top of page
  • Writer's pictureJonathan Bullock

The golden circle

Even though everything in business starts with the ‘Why’, without mastering the ‘How’, even the best teams end up being stuck at the ‘What’.

I am sure you have heard the first part of this sentence before. Figure out your ‘Why’, your north star, and everything flows from there. I cannot tell you how many times I have seen businesses go through their vision and mission creation exercise, spend lots of money on consultants and branding agencies to help them craft all that.

That’s where many organizations stop though, leaving the execution of it all to staff. Without a robust framework, it is likely to be a stressful and frustrating journey for all. And even if, let's say, the business adopted a solid execution framework (think OKRs - Objectives and Key Results - for example, used by Google and many other companies), it is not at all guaranteed success from there.


This is your organization’s north star. Why does the organization exist? What is it set out to achieve? What difference can it make that others can’t or won’t? This is where companies also look at their ‘personalities’ described as culture and their ‘beliefs’ as their values. Without knowing the ‘why’, I see little to no point in moving onto the mechanisms and details of execution.


You got the ‘why’ and now what? Any vision or grand idea without a way to execute remains just that, an idea. Putting the OKR system in place is what I have seen tech companies do, and others too, in order to be able to execute on the oftentimes audacious ideas and goals. Unless everyone is clear on the top priorities for the company and are also able to connect that with their own individual priorities, while keeping everyone accountable for the deliverables, not much will get done. Don’t get me wrong, people will be busy working on lots of impressive initiatives, but might find themselves jumping on new priorities every month or so. Even if you are in a startup, let me tell you one thing: being a startup doesn’t excuse or justify the ever-changing priorities that nobody can keep track of.


Nailed the ‘what’? Fantastic. Now, execution is great but it only gets you and the organization so far. Think of having people dynamics slowing the progress or even sabotaging it, or leadership teams behaving in a way that is not in line with the overall culture they set out to create. Or maybe misaligned incentives, personal agendas behind the scene, etc. Sounds familiar? Lots of subtleties and soft nuances that will eventually make the difference between a high performing organization and an average one.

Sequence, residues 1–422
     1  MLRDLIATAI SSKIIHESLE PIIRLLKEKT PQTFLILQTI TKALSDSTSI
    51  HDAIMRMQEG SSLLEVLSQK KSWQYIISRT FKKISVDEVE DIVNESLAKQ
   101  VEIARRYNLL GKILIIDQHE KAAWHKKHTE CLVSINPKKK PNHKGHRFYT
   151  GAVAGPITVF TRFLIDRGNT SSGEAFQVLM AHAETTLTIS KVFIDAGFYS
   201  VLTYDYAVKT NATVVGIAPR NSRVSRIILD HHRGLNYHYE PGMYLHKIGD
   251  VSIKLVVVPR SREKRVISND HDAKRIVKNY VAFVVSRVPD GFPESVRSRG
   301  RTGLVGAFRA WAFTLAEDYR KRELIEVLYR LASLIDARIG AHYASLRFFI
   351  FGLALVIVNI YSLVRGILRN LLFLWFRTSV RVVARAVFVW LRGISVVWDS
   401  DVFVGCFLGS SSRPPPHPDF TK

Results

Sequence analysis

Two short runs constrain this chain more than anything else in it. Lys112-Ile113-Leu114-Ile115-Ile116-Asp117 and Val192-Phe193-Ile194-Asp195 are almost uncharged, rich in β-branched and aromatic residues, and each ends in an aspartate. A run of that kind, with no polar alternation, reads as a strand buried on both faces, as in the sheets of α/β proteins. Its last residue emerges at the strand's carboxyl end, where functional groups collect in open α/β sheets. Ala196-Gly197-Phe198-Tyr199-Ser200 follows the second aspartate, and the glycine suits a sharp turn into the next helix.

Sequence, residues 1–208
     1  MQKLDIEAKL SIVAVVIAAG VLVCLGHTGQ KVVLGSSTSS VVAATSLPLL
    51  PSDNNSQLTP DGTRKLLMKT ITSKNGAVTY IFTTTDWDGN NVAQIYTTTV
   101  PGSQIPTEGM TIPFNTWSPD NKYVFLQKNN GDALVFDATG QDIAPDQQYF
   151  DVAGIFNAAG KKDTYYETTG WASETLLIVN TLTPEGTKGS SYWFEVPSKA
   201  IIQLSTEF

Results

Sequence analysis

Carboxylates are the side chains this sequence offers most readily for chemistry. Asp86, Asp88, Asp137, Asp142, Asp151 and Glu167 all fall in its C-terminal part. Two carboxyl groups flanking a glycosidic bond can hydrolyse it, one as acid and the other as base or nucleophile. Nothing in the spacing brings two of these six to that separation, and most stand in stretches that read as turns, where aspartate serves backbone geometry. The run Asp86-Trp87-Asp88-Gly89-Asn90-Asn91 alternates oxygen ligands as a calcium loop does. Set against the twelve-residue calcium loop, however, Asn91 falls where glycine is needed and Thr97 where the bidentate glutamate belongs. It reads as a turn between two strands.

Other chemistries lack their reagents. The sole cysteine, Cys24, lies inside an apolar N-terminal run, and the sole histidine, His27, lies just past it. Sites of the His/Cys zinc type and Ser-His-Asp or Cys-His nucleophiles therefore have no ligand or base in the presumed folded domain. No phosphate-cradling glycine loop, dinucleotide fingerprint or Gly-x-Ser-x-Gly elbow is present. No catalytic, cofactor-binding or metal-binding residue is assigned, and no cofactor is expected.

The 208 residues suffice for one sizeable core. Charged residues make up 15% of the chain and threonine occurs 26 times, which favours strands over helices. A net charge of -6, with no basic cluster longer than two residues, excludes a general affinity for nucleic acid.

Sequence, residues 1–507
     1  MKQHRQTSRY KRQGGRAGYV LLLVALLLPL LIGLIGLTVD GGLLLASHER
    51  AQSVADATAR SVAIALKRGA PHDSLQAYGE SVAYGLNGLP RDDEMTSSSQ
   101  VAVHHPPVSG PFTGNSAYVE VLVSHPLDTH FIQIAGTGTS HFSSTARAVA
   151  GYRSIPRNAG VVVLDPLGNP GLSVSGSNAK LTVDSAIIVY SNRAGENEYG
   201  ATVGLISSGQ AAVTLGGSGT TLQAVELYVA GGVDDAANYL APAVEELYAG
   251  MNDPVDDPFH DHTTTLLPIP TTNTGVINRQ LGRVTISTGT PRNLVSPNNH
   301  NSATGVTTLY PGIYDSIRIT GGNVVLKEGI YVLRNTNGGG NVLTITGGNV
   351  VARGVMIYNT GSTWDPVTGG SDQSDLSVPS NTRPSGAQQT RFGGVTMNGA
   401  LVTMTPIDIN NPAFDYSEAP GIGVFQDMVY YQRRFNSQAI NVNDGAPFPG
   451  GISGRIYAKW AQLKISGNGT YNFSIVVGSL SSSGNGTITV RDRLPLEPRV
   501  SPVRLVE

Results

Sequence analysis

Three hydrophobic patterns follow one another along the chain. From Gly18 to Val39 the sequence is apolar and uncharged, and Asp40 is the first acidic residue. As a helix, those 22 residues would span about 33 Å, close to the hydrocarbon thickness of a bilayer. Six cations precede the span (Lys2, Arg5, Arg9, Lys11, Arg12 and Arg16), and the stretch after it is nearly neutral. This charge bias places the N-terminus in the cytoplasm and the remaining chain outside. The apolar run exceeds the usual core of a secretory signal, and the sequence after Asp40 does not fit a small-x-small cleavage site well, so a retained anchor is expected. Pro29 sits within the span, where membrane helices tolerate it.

Whenever I work with companies where there is a well-defined ‘why’ and the ‘what’ seems to be in a good place, however, there seems to be some challenges with going fast and becoming excellent, I look into the ‘how’. How do people work together? How do the leaders motivate and incentivize others? How much do people trust each other and their leaders? The list goes on.

While I believe that the ‘why’ is the foundation of everything, and that without a well-thought-through and implemented ‘what’ no vision will come true, my area of expertise and so focus is on the ‘how’. My goal is to share how I help leaders and teams become high-performing by pushing them to take a close and honest look at their ‘how’ and then by helping them take it to the next level. I have developed a framework, the ‘6 Styles of Speed’, that does just that. But let me dive into that in my next post.

For now, the one thought I want to leave you with is the importance of looking at each of the three elements of the golden circle with equal importance: your organization's why, what and how.


bottom of page